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Infect Chemother. 2007 Feb;39(1):24-37. Korean. Original Article.
Shin SY , Choi JY , Kim YK , Park YS , Kim YA , Kim MS , Song YG , Matsushita S , Li T , Lin HH , Li P , Kim JM , .
AIDS Research Institute, Yonsei University College of Medicine, Korea.
Center of AIDS Research, Kumamoto University, Japan.
PUMCH AIDS Center for Diagnosis & Treatment, Peking Union Medical College, China.
Department of Infectious Diseases, I-Shou University, Taiwan.
Department of Internal Medicine, Queen Elizabeth Hospital, Hong Kong.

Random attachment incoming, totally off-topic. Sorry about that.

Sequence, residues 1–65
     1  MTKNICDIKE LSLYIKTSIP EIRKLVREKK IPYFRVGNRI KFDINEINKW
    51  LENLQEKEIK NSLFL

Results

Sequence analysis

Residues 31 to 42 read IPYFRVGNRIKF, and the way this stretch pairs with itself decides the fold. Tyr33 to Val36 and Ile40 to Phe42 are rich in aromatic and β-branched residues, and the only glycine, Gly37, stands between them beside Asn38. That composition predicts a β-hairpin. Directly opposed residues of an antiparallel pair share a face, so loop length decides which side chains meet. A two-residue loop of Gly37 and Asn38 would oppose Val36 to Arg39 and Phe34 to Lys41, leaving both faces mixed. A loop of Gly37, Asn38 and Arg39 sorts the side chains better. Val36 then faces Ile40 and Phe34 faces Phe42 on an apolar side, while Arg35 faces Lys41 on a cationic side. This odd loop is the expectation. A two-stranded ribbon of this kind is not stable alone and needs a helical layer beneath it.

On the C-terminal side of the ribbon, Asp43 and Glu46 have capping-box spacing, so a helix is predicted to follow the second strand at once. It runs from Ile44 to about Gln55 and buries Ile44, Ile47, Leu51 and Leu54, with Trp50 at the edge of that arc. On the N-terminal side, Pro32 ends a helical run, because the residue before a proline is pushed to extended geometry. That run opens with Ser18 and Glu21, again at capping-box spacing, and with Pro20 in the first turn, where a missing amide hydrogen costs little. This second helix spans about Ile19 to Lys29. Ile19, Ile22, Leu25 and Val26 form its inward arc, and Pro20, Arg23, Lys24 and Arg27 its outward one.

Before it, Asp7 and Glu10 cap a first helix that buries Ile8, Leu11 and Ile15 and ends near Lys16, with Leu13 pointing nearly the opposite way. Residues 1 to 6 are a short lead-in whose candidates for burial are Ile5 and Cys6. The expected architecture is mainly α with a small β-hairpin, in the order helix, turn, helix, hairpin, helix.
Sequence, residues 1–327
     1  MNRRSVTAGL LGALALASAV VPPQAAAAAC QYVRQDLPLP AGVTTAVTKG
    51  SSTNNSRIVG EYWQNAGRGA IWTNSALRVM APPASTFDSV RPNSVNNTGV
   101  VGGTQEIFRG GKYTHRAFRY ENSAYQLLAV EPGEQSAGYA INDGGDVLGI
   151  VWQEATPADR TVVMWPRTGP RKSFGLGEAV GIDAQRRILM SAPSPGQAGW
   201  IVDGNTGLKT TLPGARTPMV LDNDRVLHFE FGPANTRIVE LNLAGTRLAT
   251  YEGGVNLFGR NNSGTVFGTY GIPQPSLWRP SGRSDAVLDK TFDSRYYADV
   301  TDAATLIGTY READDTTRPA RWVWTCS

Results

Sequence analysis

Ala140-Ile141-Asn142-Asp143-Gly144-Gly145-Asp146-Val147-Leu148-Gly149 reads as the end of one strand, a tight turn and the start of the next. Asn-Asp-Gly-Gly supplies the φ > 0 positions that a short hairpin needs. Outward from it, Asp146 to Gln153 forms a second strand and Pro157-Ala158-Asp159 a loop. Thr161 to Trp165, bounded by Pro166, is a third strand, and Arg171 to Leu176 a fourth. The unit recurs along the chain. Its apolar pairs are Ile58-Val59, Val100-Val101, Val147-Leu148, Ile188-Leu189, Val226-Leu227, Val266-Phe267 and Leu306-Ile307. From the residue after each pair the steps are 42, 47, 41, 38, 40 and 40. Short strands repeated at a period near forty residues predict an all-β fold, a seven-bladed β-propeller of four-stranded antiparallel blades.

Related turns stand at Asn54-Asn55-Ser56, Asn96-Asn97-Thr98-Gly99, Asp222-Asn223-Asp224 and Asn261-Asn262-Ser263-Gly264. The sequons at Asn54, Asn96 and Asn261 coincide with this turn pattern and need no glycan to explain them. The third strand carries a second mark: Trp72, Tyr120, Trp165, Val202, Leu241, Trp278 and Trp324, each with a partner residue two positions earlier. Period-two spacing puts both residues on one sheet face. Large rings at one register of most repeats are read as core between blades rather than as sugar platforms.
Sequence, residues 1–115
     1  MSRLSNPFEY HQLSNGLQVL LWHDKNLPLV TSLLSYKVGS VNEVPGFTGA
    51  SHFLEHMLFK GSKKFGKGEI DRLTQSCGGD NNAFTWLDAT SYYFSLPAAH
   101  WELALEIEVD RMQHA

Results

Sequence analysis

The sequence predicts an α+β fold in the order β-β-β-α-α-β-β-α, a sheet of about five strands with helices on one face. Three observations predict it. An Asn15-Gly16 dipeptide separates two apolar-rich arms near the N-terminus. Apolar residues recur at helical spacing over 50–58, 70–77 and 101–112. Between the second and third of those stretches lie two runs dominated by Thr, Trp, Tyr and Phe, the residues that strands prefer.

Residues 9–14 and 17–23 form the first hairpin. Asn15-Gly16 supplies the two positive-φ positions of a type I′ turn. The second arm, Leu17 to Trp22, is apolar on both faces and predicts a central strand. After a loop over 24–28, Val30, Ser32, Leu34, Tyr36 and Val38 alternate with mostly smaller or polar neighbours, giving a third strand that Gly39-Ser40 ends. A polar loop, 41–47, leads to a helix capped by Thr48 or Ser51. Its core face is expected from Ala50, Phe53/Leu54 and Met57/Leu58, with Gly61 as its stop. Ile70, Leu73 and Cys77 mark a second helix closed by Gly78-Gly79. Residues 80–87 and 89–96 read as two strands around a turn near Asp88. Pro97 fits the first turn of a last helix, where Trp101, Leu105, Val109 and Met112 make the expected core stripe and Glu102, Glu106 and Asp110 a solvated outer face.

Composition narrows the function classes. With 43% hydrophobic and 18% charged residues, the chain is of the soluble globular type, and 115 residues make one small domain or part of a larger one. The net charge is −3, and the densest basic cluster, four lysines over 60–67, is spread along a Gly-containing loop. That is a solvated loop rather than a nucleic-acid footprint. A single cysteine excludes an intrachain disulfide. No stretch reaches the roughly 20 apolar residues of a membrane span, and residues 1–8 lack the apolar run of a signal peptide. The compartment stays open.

BACKGROUND: Recent predictions of catastrophic epidemic surge of HIV infection in East Asia concern experts and governmental organizations. As in many other areas, countries in East Asia show diversities in their HIV epidemics, both geographically and temporally. However, they have similar regional, cultural and racial characteristics which allow them to have certain common factors. Having a clear picture of the current extent and feature of HIV/AIDS in this region is a very difficult task largely due to the fast pacing of expending epidemic and difficulty in data-sharing among countries in the region. Hence, we decided to study the epidemiologic feature of HIV/AIDS in East Asia through East Asia Network on HIV (EAN-HIV). MATERIALS AND METHODS: The epidemiological patterns of HIV/AIDS in East Asian countries were investigated by collecting data through EAN-HIV. RESULTS: The HIV/AIDS epidemic in East Asia started relatively late at mid 1980s. Since then, the number of newly infected HIV/AIDS cases has been steadily increasing with stiffer escalation in recent years. In China and Taiwan, IDU plays an important part in the swiftly growing HIV epidemics; however, in other regions like Korea, Japan, and Hong Kong, MSM (men who have sex with men) seems to be more of a problem. The major subtypes of HIV in East Asia are subtype B, C, and CRF01_AE, and rapidly evolving circulating recombinant forms (CRF) between subtypes such as CRF07_BC give dynamic change to the current status. CONCLUSION: The incidence of HIV/AIDS is rapidly increasing in East Asia. The epidemic pattern has undergone dynamic changes over time. China seems to be the leading source of HIV/AIDS epidemic in East Asia due to its large population and rapidly growing epidemics.

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